Using Advanced analytics to cut through the smoke
We’ve reached the point of the season where most teams are at least a third of the way through their schedule, and conference season is in full swing. Each team has played at least 2 in conference games.
Last season I looked at who were the best players in the conference, using a combination of advanced analytics. This entry marks the first installment of that series for the 2020-21 season.
Three different advanced analytics will be used. The analytics are: Player Impact Plus Minus, Points Over Expectation, and Bayesian Performance Rating.
These 3 contributions put together should give us a good idea of who’s performed the best this season, as they measure different things, such as impact vs. efficiency. They all also measure contributions on the offensive and defensive sides of the floor, enabling them to paint a full picture.
Player Impact Plus Minus – Also known as PIPM, this is an impact stat. Basically, it measures how well a player has performed in the role they’re in. A player being used in the way that best suits their skill set will have a higher score than a player who is talented in certain areas but not able to show that talent off. As an example, if Neemias Queta was asked to shoot 3 pointers all game he would hurt his team, as that’s not his skill set. This statistic is important because no matter how purely talented a player may be, if the player doesn’t use the talents correctly it will hurt the team and prevent winning. PIPM also makes adjustments for the quality of opponents. For more on PIPM click here.
Points Over Expectation – Also known as POE, this is an efficiency stat. It takes into account the number and type of shots a player takes (or defends) and compares the outcome to what an average player would’ve done with the same number and type of shots. A score of zero is the equivalent of an average player. Since POE takes into account the number of shots, than the higher usage a player has, the more likely they are to be farther from 0. So players that are really efficient on large volume are the ones that get good scores here. It is also a per game stat, as opposed to a per 100 possession stat. Since basketball is about scoring more points than your opponent, someone who can score, and defend, at an efficient level is a valuable player. For more on POE click here.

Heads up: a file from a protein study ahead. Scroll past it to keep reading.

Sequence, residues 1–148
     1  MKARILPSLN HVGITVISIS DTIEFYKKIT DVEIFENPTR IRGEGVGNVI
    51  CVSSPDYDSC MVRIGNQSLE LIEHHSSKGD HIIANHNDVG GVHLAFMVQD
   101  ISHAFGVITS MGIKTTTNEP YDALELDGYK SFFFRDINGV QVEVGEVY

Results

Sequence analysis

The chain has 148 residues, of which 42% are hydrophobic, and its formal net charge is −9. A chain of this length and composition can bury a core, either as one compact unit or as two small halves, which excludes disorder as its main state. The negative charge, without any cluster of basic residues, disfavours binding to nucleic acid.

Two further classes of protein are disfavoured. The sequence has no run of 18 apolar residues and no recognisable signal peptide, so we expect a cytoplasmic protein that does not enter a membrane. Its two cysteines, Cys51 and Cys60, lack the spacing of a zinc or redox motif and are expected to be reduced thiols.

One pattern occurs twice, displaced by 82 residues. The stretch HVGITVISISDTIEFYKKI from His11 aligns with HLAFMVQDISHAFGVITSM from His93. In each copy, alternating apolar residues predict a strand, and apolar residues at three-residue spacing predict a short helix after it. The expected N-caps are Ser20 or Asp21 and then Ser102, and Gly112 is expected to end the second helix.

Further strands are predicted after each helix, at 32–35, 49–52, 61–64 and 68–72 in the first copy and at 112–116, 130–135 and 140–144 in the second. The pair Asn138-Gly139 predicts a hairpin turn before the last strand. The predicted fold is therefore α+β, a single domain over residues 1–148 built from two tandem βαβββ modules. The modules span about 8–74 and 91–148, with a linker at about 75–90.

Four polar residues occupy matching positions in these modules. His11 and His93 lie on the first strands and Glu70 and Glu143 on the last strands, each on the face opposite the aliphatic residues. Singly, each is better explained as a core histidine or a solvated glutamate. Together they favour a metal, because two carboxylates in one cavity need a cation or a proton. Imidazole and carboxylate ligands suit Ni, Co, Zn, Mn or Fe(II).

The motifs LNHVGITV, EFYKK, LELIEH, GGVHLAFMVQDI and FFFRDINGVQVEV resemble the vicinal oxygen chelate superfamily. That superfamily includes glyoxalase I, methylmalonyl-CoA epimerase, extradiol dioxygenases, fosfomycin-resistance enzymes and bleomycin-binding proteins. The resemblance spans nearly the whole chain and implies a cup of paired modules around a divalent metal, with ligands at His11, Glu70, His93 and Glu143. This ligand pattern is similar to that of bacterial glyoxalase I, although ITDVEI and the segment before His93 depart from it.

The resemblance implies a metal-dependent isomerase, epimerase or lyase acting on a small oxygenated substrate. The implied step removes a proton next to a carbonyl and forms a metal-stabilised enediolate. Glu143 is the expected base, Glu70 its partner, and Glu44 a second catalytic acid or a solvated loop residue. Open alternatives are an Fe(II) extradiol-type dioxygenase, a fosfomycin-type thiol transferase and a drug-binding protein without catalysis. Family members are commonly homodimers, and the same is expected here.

Bayesian Performance Rating: Bayesian Performance Rating, or BPR, attempts to qualify the value a player gives their team while on the court. It is an impact stat in the vein of PIPM, but uses a different methodology and inputs to reach it’s conclusion. Similar to PIPM, it makes adjustments for the quality of teammates as well as opponents in it’s calculations, so that fans can better determine who is good vs. who plays with good teammates. A score of 0 is considered average. To learn more about BPR click here.
Using a couple different methods to determine who has the most impact while on the floor, and coupling that with a great efficiency metric should give us a pretty good idea of who has performed well so far.
Simply taking the average of these numbers won’t work though, as they measure different things. So Z-scores will be used. Basically, Z-scores measure how far away something is from average. Once the Z-scores for all three metrics are calculated, the average of those numbers will be taken to determine who has been the best so far.
To give you a feel for Z-scores, last year, using the same methodology but slightly different measurements, Malachi Flynn led the league with a score of 3.052, and Sam Merrill came in second with a score of 2.492.
First though, a couple superlatives.
Who’s carried the heaviest offensive burden so far?
When taking into account scoring, shot creation, spacing, and shot creation (for self and others) using the offensive load metric, Bryce Hamilton is responsible for 50.05% of UNLV’s offense when he’s on the court. This is surprising considering David Jenkins was supposed to take on a lot of that load, but through 5 games has a slightly below average offensive efficiency. So far UNLV has gone as Hamilton has gone. Grant Sherfield comes in second at 45.89%, and Orlando Robinson comes in third at 44.12%.
Who creates the most shots for their teammates so far?